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Release Me CD


Price: £6.23 & FREE Delivery in the UK on orders over £20. Details
Includes FREE MP3 version of this album.
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Amazon's The Like Store

Music

Image of album by The Like

Photos

Image of The Like

Biography

The Like are the band of your dreams. I know this because I’ve met them.
Over there you have front-woman, cured delinquent Z Berg, with a brain
even sharper than her haircut (blonde bob) whose songs fizz and pop until
everyone's jumping on the bed! Drum duty is deftly taken-care of by the
comely Tennessee Thomas (she hits them hard). And introducing new
bandmates, ... Read more in Amazon's The Like Store

Visit Amazon's The Like Store
for 7 albums, photos, discussions, and more.

Frequently Bought Together

Release Me + We Are The Pipettes
Price For Both: £13.43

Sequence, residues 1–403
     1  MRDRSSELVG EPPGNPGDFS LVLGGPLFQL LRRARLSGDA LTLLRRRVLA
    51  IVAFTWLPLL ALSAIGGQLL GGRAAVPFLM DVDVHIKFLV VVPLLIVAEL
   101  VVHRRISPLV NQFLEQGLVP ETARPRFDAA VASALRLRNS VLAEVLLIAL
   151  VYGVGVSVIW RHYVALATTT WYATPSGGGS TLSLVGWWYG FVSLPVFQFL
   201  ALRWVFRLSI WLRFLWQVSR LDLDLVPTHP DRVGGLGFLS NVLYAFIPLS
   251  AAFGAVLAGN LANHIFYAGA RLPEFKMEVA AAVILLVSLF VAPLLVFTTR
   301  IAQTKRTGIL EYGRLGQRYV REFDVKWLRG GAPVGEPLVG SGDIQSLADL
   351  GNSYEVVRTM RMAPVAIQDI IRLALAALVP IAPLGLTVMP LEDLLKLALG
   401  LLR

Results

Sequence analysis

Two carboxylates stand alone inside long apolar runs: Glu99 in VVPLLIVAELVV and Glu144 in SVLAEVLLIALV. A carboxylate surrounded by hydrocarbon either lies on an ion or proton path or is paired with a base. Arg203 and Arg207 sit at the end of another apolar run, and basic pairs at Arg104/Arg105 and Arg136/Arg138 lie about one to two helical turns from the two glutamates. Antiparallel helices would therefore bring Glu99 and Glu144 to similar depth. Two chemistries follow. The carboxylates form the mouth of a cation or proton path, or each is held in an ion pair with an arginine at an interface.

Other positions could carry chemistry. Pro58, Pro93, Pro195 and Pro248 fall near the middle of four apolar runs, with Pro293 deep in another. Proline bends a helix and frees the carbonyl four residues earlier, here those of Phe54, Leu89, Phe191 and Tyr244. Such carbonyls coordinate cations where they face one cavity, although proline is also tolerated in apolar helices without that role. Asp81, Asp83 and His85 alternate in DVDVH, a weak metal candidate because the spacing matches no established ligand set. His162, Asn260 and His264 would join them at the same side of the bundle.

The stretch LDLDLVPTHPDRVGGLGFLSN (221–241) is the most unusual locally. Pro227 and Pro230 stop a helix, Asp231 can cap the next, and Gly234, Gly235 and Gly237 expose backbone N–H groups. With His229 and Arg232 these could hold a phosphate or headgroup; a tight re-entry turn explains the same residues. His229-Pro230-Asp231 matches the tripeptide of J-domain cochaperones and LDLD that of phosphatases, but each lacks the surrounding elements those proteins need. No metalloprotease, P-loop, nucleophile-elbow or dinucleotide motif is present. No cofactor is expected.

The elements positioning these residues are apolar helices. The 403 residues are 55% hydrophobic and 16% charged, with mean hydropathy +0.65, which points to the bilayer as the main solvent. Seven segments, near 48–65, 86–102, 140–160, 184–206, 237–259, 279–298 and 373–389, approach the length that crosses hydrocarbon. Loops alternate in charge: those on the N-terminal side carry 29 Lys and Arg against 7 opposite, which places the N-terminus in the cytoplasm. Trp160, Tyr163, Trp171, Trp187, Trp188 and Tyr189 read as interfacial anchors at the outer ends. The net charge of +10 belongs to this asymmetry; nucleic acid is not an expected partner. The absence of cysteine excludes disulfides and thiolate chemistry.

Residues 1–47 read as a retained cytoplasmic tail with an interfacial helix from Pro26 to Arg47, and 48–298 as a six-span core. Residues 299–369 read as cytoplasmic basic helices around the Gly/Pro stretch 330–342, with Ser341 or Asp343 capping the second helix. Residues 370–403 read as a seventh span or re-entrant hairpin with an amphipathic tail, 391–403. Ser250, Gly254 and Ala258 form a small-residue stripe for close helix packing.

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Product details

  • Audio CD (6 Sept. 2010)
  • Number of Discs: 1
  • Format: CD
  • Label: Polydor
  • ASIN: B003V72BW4
  • Other Editions: Audio CD  |  Vinyl  |  MP3 Download
  • Average Customer Review: 4.6 out of 5 stars  See all reviews (5 customer reviews)
  • Amazon Bestsellers Rank: 107,724 in Music (See Top 100 in Music)

1. Wishing He Was Dead
2. He's Not A Boy
3. Release Me
4. Walk Of Shame
5. Narcissus In A Red Dress
6. I Can See It In Your Eyes
7. Fair Game
8. Square One
9. In The End
10. Trouble In Paradise
11. Catch Me If You Can
12. Don't Make A Sound / Why When Love Is Gone

Product Description

Product Description

Californian quartet The Like have moved on since their 2005 debut album Are You Thinking What I'm Thinking. With new bass and organ players in tow, original members Z Berg and Tenessee Thomas return after a five year break with a more polished pop sound, but having lost none of their 60s sensibilities, as demonstrated on songs like title track "Release Me" and "Wishing He Was Dead".

BBC Review